Diamonds: Chemistry & Structural Properties
Structural Properties of Diamond - Diamond Formation
Diamonds are formed when carbon deposits are exposed to high pressure and high temperature for prolonged periods of time. Deep within the earth's crust there are regions that have a high enough temperature (900¼C to 1400¼C) and pressure (5 to 6 GPa) that it is thermodynamically possible for liquified carbon to form into diamonds.
Under the continental crust, diamonds form at depths of between 60 miles (100 kilometers) and 120 miles (200 km), in the diamond-stable conditions defined by the "graphite-diamond equilibrium boundary" .
At these depths, pressure is roughly 5 gigapascals and the temperature is around 2,200 degrees Fahrenheit (1,200 degrees Celsius). Diamond formation under oceanic crust takes place at greater depths due to lower surface temperatures. Therefore, diamond formation within the oceanic crust requires a higher pressure for formation. Long periods of exposure to these higher pressures and temperatures allow diamond crystals to grow larger than under land masses.
When diamonds are not located within a "kimberlite pipe," and excavated via a hard-rock or open pit mine, they are found in alluvial stream-beds known or "secondary deposits."
Diamond-bearing kimberlite is an ultrapotassic, ultramafic, igneous rock composed of garnet, olivine, phlogopite, and pyroxene, with a variety of trace minerals. Kimberlite occurs in the Earth's crust in vertical, upwardly-thrusting structures known as kimberlite pipes, which resemble a champagne flute.
Basic Physical Properties of Diamond
Diamond is the hardest naturally occurring material on earth, with a relative hardness of 10 on the Mohs scale. Diamond is one of several allotropes of carbon, with the principle allotrope being graphite. The word "allotrope" or "allotropy" specifically refers to the structural chemical bond between atoms. A diamond is a transparent, optically isotropic crystal with a high dispersion of 0.044, a refractive index of 2.42, and a specific gravity of 3.52.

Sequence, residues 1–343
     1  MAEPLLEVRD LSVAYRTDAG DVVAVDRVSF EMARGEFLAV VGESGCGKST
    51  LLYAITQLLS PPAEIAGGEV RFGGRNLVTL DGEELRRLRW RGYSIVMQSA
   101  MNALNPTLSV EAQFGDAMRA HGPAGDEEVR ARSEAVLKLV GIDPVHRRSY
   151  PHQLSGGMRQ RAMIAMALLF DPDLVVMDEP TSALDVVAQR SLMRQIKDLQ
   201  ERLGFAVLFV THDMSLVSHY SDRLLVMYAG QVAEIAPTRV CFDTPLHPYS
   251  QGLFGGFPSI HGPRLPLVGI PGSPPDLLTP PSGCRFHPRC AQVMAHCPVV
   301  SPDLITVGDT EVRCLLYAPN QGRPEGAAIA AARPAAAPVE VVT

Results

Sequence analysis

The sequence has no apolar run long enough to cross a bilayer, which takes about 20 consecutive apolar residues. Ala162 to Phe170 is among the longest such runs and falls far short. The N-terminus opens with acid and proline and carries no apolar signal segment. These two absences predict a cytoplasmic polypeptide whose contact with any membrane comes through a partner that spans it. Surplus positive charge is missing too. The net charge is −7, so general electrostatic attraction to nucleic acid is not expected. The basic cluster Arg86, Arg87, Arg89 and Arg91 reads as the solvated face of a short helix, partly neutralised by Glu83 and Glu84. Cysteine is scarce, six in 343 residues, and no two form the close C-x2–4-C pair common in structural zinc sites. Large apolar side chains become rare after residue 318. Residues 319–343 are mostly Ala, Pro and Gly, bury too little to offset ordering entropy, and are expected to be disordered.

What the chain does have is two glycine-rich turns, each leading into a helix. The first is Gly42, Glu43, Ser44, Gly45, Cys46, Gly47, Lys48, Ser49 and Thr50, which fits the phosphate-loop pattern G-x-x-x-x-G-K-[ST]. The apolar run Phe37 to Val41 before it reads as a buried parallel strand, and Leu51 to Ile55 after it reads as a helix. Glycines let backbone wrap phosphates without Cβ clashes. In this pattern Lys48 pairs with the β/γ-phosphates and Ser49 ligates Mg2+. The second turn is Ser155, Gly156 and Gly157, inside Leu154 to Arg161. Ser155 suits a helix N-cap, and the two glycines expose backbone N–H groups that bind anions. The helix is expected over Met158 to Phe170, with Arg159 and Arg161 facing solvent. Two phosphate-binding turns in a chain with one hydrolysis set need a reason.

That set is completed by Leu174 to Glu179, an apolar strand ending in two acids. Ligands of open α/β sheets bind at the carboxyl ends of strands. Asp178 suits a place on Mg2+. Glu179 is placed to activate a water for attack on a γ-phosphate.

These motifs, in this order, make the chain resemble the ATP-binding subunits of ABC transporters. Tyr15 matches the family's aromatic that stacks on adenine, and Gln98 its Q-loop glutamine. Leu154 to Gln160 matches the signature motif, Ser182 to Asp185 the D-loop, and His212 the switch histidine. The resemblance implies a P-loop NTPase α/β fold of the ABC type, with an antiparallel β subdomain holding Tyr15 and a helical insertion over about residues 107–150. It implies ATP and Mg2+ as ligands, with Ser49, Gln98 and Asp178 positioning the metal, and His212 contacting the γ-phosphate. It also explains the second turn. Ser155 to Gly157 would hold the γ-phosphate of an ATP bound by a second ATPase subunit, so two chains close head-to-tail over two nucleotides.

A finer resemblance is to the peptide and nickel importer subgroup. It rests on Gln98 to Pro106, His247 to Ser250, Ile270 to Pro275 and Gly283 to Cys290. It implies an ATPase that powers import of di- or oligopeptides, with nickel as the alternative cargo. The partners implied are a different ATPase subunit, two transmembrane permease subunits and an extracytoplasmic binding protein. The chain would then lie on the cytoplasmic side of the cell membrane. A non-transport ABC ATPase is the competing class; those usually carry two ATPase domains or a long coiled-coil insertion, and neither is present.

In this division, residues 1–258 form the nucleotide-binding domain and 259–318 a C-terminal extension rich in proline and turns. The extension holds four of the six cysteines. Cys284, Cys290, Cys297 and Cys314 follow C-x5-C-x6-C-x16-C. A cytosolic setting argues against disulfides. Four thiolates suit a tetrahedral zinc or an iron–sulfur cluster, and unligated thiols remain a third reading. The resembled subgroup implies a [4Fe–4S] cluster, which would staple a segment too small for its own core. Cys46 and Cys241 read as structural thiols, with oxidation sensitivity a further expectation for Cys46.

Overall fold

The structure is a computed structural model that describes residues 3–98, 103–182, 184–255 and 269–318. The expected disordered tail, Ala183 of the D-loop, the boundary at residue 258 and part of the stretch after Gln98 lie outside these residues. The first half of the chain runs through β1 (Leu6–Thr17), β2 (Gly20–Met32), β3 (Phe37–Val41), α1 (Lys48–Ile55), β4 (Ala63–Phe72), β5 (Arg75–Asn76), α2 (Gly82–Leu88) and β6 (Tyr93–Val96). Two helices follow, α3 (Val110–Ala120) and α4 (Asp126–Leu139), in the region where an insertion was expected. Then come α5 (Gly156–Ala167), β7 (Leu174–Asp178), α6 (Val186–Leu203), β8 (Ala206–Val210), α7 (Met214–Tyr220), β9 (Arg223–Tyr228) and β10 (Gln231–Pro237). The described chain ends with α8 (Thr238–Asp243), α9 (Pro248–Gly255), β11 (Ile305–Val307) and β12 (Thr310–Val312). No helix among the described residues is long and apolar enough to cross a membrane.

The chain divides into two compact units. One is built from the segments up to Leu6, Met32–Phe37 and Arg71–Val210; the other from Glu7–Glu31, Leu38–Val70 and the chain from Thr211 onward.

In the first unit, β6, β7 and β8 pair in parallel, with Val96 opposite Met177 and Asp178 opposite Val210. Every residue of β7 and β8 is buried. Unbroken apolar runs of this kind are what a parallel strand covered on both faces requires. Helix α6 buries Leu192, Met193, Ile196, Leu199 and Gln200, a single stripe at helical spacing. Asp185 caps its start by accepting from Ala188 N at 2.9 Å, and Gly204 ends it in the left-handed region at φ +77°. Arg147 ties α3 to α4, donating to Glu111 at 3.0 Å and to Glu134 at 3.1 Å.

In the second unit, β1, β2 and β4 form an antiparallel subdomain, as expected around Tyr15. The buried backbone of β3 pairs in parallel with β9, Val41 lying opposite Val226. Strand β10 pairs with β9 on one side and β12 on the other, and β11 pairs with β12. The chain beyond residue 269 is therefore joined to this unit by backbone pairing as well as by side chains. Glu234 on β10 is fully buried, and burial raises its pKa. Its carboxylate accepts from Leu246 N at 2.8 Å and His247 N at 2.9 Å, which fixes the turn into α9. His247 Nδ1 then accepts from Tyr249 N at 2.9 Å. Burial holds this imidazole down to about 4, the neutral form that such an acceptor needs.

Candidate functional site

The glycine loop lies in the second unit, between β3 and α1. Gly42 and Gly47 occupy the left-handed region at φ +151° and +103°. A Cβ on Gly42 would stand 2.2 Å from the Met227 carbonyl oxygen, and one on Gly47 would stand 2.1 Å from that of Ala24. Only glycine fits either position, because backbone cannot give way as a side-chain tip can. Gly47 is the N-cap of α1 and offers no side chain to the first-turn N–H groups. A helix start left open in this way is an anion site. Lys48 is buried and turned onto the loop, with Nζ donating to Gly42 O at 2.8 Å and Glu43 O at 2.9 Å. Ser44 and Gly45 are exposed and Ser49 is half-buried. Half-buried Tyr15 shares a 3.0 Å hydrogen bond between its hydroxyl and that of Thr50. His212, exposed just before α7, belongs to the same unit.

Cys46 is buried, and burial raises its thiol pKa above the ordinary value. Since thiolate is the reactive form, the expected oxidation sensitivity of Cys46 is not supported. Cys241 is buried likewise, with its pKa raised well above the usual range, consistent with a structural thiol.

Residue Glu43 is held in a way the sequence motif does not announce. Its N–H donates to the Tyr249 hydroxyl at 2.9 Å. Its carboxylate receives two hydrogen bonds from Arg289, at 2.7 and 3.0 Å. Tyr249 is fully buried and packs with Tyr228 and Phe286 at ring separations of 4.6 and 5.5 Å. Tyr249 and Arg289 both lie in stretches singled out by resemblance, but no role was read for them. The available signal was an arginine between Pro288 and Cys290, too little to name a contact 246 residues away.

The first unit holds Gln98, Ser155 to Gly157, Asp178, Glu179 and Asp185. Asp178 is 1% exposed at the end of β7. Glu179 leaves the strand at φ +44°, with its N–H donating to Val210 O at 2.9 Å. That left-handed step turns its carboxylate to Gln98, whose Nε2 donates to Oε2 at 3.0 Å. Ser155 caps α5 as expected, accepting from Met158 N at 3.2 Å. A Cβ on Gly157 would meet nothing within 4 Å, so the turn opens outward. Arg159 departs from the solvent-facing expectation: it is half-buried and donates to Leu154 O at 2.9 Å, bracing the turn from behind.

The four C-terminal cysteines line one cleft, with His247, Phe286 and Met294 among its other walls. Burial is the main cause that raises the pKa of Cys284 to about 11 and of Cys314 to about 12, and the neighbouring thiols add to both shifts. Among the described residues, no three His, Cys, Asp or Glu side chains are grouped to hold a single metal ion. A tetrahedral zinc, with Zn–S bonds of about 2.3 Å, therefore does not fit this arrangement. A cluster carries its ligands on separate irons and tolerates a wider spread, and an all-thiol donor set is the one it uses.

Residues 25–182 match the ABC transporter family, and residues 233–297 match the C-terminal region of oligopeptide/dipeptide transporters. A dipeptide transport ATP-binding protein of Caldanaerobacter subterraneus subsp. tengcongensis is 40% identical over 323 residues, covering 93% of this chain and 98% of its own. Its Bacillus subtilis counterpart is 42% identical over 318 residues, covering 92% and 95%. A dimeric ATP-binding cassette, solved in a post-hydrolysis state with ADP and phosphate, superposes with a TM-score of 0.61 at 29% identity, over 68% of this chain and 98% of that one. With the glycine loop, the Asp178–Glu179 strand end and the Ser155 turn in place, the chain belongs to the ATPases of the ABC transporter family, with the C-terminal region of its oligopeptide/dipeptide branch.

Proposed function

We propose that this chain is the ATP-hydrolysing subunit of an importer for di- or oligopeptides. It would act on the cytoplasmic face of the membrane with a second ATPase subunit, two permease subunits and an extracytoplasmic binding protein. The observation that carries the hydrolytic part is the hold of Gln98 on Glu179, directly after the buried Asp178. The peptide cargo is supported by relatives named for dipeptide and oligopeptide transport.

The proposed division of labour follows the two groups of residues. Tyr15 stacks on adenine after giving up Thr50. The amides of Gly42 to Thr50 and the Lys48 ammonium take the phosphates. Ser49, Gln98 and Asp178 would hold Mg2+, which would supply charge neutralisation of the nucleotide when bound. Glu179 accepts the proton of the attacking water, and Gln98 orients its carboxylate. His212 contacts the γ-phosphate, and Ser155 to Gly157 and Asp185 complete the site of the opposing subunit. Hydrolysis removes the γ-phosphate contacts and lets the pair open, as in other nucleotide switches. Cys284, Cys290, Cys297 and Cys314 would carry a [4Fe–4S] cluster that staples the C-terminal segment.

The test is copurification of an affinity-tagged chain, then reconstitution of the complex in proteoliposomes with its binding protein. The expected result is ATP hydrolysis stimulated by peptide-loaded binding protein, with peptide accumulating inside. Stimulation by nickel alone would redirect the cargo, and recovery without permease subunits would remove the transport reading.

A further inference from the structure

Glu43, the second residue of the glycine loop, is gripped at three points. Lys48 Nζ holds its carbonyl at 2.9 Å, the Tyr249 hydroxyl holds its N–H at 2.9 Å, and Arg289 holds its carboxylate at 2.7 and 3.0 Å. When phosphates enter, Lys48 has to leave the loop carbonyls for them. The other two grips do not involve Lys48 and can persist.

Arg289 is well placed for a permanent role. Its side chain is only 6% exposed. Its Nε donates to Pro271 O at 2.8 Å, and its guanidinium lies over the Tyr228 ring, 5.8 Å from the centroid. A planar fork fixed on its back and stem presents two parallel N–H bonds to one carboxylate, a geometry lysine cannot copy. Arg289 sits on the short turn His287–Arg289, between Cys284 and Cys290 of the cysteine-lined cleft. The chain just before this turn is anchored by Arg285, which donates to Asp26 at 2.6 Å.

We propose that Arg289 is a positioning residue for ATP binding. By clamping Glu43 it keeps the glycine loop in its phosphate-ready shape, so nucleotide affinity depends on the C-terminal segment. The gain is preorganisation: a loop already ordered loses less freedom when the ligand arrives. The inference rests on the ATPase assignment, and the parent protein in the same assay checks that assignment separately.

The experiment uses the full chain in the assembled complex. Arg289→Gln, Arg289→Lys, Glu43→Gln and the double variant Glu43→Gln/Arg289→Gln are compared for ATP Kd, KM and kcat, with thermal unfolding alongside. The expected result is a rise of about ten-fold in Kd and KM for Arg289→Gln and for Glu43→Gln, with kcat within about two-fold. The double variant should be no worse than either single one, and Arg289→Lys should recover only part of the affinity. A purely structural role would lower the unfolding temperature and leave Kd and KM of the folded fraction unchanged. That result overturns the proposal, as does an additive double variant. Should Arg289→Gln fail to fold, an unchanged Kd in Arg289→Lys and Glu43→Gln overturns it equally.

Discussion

Diamond Crystal Structure & Hardness
The unique chemical and molecular structure of crystalline diamond is what gives this gemstone its hardness, and differentiates it from simple graphite. The name "diamond," which is also known as "adamant," is derived from the Greek adamas, or "invincible," "untamable," and "unconquerable," referring to its incredible hardness.
A Type 2-A diamond has a hardness value of 167 GPa (±6) when scratched with an ultrahard fullerite tip, and a hardness value of 231 GPa (±5) when scratched with a diamond tip. The material "boron nitride," when found in a crystalline form that is structurally similar to diamond, is nearly as hard as diamond. Additionally, a currently hypothetical material, beta carbon nitride, may also be as hard or harder than diamond.
A diamond's incredible hardness was the subject of curiosity dating back to the Roman empire, where it was shown to combust in scientific experiments, although the reason for its combustion was not understood at the time.
Experimentation during the late 18th century demonstrated that diamonds were made of carbon, by igniting a diamond in an oxygen atmosphere, with the end byproduct of the combustion being carbonic-acid gas, or carbon dioxide.
Diamond Crystal Habit
Diamonds have a characteristic crystalline structure, and therefore, a predictable crystal growth pattern known as its "crystal habit." This means that diamond crystals usually "grow" in an orderly and symmetrical arrangement. The natural crystal form, and crystal habit of a diamond is octahedral (photo, above), although in nature, perfectly formed crystals are rare.
The external shape of the crystal, whether it is cubic, octahedral, or dodecahedral, does not always reflect the internal arrangement of its atoms. When a gemstone has an irregular external shape or asymmetrical arrangement of its crystal facets, it is termed as "subhedral," or "anhedral."